As I write this, the first Clean Energy Ministerial (CEM) is getting underway in Washington, with opening remarks from Energy Secretary Steven Chu—apparently taking a short break from uncovering problems in BP’s well capping procedures. (You can watch a live webcast of the meeting here.) The two-day meeting—yesterday’s session was closed to the public—brings together energy ministers from around the world, along with renewable energy experts and investors from the business sector, to talk about the technological leaps needed to power a low-carbon economy, and the national and international policies needed to accelerate that transformation.
The world isn’t short of climate change and clean energy meetings—beyond the ongoing (and often tortured) United Nations negotiations, plus the major economies meetings of the world’s biggest carbon emitters that former President George W. Bush began and which President Obama continued, and the G8 and G20 forums, which often include climate and energy talks, and the countless clean energy investment conferences held around the world. In short, a lot of hot air on hotter planet.
But the CEM could signal a welcome new addition. For all the focus put on the policies needed to move the world toward cleaner energy, the technological side—the research and development—can get short shrift. While there are renewable energy options that exist right now and can be sped into deployment—from better energy efficiency to mature options like utility-scale wind power—the scale of the energy and climate energy challenges facing the planet demands new, cheaper low-carbon technology. It’s going to demand innovation and a reinvestment in basic energy research, so often neglected over the past several decades. For all the focus we’re rightly putting on Congress’s agonizing over a carbon cap, the U.S. will just be a part of the overall global energy picture—according to the International Energy Agency, China just passed the U.S. as the top energy consumer in the world. “The role of technological innovation is constantly underestimated,” Chu said in his opening speech this morning, talking about the impressive improvements in energy efficiency the world has seen in the past few decades. “Technology does remarkable things.”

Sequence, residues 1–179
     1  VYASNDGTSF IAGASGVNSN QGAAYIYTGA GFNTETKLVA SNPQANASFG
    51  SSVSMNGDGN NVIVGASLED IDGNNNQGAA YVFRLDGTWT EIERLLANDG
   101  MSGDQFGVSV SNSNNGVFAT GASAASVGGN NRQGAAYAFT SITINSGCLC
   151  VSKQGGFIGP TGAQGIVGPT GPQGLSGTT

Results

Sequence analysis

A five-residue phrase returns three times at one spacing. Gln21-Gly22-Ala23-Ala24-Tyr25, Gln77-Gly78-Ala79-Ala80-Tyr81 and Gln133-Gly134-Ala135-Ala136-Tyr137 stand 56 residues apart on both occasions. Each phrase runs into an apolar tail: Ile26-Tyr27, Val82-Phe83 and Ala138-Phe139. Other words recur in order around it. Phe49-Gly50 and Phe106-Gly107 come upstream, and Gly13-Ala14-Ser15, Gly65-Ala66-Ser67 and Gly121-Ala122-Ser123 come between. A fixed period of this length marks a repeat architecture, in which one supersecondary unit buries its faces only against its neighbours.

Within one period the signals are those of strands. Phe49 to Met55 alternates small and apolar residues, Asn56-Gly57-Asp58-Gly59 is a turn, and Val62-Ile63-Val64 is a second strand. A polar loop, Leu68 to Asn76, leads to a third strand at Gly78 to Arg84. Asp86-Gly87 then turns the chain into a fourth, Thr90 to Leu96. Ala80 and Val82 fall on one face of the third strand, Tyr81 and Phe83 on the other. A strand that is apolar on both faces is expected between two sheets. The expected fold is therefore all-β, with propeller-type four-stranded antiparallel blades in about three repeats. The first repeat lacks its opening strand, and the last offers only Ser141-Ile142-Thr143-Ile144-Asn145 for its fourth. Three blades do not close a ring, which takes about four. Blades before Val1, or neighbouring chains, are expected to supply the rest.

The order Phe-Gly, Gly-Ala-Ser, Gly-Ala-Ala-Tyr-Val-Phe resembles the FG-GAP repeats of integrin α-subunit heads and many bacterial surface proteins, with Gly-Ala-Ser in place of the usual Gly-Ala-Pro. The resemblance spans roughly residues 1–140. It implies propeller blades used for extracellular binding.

That doesn’t mean policy isn’t important—especially when it comes to regulations or laws that can give businesses clear certainty as they invest in potentially risky clean energy. “The continuity around these policies can allow innovation to occur and reduce the uncertainty around the considerable expense of investing in new technologies,” says Thomas Connelly, DuPont’s Chief Innovation Officer, who is taking part in the meeting. But the ultimate change in the way we use energy will come first from the laboratories of scientists around the world—and the more attention and funding we can give them, the better.
Update: The Department of Energy just announced some of the initiatives that will be coming out of the meeting, including new plans on energy efficiency, the smart grid, wind and solar and others. Read about it here.)